Group of Bosnians quarantined over coronavirus go on hunger strike

SARAJEVO (Reuters) – A group of Bosnians quarantined for more than two weeks in a student dormitory in the capital Sarajevo to stop the spread of the coronavirus went on hunger strike on Monday in protest over their treatment, officials said.

The Sarajevo police and firefighters said they had to intervene after one woman threatened to set herself on fire and jump through the dorm’s window.

“She gave up after talking to a physician in charge,” the police said.

About 50 protesters, out of a group of 80 people held in the dorm, said that many of them had not been tested for the virus while others had not been given their test results. Some also said they have not been receiving medicine they need for other conditions.

Under emergency measures authorities are ordering people entering Bosnia from abroad into quarantine for 28 days.

In Bosnia’s Serb Republic they are allowed to continue their quarantine at home after two weeks unless they develop COVID-19 symptoms, while in the Bosnia’s Bosniak-Croat Federation, the country’s other autonomous half, they are held in public facilities for the whole period.

“I went on hunger strike despite the fact that I am breastfeeding my baby and have another child. We are locked in one room for 24 hours and I cannot explain to my child what is happening. I am exhausted and I am losing strength,” said Jasmika, who returned to Bosnia from Sweden and tested negative.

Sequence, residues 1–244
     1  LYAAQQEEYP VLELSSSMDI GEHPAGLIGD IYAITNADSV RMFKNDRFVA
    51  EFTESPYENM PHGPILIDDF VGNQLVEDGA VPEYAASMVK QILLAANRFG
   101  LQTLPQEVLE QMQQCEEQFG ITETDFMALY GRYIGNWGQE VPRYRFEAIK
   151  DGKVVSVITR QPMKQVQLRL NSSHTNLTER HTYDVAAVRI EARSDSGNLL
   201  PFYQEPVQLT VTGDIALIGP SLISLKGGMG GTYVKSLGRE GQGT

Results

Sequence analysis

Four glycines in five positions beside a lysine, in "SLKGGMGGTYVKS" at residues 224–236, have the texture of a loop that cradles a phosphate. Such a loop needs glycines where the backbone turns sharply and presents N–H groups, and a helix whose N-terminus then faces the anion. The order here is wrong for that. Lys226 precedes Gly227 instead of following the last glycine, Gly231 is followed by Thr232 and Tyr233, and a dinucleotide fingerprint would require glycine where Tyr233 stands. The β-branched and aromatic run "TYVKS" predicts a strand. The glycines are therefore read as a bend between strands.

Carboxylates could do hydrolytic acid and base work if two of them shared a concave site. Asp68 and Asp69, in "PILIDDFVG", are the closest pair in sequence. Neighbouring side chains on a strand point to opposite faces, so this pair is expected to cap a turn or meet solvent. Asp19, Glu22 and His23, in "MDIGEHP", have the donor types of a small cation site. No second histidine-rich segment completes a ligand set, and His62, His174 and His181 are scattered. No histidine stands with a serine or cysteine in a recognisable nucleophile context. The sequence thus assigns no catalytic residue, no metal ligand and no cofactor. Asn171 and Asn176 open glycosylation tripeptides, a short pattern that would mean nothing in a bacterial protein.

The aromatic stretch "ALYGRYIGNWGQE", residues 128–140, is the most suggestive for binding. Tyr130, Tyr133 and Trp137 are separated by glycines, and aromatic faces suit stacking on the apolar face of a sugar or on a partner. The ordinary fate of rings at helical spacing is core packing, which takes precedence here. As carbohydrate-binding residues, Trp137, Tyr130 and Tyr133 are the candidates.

Aida Pilav, head of the Sarajevo crisis team, asked people for understanding and patience, saying that the quarantine order had been issued by the Federation Health Ministry.

But she added that, according to the recommendations of the World Health Organization (WHO), the measure could be trimmed to 14 days.

So far 1,309 people in Bosnia are confirmed to have been infected with the virus and 49 of them have died.

Even before the pandemic Bosnia’s health system was in poor shape. Thousands of nurses and hundreds of doctors have left the country seeking work in Western Europe, causing alarm among health officials that Balkan country may be left without enough trained medical staff in the near future.

Reporting by Maja Zuvela; Editing by Kirsten Donovan

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